int & char pointers

This is a discussion on int & char pointers within the C Programming forums, part of the General Programming Boards category; Why is the following code valid for a char pointer but not for a int pointer? I am confused as ...

  1. #1
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    int & char pointers

    Why is the following code valid for a char pointer but not for a int pointer?
    I am confused as to why I cant use the same approach for both.

    Code:
    char *y;
    
    y = “This is great”;
    
    printf(“%s”, y);
    But this will fail
    Code:
    int *x;
    
    x = 25;
    
    printf(“%d”, x);

  2. #2
    Just Lurking Dave_Sinkula's Avatar
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    %s expects a pointer to char
    %d expects an int
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  3. #3
    and the hat of wrongness Salem's Avatar
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    Because %s expects a char pointer, which is what y is.
    %d expects an int.

    int x = 42;
    int *px = &x;
    *px = 21;
    printf( "%d", *px );

    Dereferencing a pointer to an int gets an int, which is what %d needs.
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    Great explanation Poseidon - God of the C

    I was really messed up on that but it makes more sense now. This learn C in 21 days book is not all that detailed. Anyways I can see now the difference lies in %s and %d so thanks.

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    I still have one more lingering thought which is never good

    So both of these are legal ways to assign values to a pointer?

    y = “This is great”;


    x = 25;


    and I just was wrong in the manner I tried to use printf as you stated?

  6. #6
    Jack of many languages Dino's Avatar
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    No, but the first one is fine.

    If x is defined as an int *, then you are assigning an address of 25 to x, not the value of 25.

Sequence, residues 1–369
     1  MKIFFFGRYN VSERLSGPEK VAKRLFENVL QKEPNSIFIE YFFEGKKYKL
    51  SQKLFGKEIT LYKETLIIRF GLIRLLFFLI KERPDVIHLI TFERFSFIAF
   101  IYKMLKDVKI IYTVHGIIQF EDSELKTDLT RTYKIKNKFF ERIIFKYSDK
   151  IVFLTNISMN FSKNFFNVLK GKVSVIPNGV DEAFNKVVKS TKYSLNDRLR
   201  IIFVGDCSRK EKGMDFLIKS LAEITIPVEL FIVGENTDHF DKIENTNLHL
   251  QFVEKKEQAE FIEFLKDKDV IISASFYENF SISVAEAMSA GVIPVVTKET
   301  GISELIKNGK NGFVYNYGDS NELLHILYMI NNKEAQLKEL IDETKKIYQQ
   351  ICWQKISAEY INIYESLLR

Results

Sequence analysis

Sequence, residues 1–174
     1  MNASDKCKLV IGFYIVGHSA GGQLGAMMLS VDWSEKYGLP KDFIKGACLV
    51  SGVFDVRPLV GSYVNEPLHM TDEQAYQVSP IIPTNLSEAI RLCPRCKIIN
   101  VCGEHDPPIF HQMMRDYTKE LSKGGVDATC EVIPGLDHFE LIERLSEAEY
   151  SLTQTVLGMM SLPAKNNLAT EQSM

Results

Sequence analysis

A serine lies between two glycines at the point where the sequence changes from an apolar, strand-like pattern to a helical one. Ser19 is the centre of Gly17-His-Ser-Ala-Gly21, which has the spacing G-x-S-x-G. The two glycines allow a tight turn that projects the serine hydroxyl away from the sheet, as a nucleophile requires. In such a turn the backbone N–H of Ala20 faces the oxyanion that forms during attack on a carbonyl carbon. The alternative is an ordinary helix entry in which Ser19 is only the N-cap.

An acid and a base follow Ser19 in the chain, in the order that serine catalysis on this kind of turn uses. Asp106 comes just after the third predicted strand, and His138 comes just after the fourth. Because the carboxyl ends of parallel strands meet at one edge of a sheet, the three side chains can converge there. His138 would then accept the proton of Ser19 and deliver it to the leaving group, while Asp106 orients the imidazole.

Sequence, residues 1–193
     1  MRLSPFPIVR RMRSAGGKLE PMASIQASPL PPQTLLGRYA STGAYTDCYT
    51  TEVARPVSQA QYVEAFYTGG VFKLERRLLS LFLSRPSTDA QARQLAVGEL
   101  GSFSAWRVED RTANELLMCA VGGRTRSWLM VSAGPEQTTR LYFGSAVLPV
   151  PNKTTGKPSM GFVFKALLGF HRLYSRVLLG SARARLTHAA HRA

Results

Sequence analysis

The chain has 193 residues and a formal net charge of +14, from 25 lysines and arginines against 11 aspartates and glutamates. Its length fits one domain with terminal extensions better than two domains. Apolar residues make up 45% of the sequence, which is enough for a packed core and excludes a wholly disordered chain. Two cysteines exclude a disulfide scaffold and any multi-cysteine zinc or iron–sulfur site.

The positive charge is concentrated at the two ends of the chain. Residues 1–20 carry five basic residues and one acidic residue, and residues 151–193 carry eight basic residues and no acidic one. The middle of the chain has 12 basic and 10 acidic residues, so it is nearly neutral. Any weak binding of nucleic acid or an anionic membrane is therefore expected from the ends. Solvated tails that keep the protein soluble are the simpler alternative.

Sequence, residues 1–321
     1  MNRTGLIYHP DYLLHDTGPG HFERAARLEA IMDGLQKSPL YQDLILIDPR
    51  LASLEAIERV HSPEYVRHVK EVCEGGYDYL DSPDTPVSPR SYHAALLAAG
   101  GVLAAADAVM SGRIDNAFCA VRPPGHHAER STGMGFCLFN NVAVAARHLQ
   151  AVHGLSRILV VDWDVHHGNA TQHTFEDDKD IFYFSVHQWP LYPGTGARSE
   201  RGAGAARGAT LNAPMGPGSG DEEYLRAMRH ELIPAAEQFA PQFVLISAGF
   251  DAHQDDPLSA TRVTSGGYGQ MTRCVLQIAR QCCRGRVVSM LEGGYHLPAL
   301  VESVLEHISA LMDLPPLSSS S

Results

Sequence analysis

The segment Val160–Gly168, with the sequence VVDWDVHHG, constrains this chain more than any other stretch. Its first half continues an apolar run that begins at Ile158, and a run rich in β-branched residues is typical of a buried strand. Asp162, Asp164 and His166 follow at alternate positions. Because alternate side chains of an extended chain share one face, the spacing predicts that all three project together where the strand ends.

If you want to point to the address of the 25, then do this:

    int * x ;
    int n = 25 ;
    x = &n ;

    Now, x point to the address of an int.
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    So int and char pointers do not work the same at all right?

    Is the below true then?

    p is the pointer
    sorry bout the uppercase


    WHEN USING CHAR POINTERS

    P = ENTIRE STRING

    &P = ADDRESS OF THE POINTER

    *P = 1RST BLOCK OF THE STRING

    *(P + 2) = 3RD BLOCK OF THE STRING



    WHEN USING INT POINTERS

    P = ADDRESS OF THE CONTENTS P IS POINTING TO
    &P = ADDRESS OF THE POINTER ITSELF (INT *P's ADDRESS)

    *P = CONTENTS OF THE POINTER (1 BLOCK OF MEMORY)

    THE POINTER MUST BE INITIALIZED AND VALUES ASSIGNED
    IN A MANNER SUCH AS BELOW:

    int time = 500;

    int *carl2;

    carl2 = &time;
    Last edited by cjohnman; 05-02-2008 at 01:03 PM.

  8. #8
    CSharpener vart's Avatar
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    char and int pointer are very close - they just differ in "block" size
    for char pointer it is sizeof(char) = 1 byte
    for int pointer it is sizeof(int)

    as additional benefit sequence of chars with nul-terminating char is processed as a C-string by standard library functions desined to process the C-strings

    there is no such assumption for sequense of ints...
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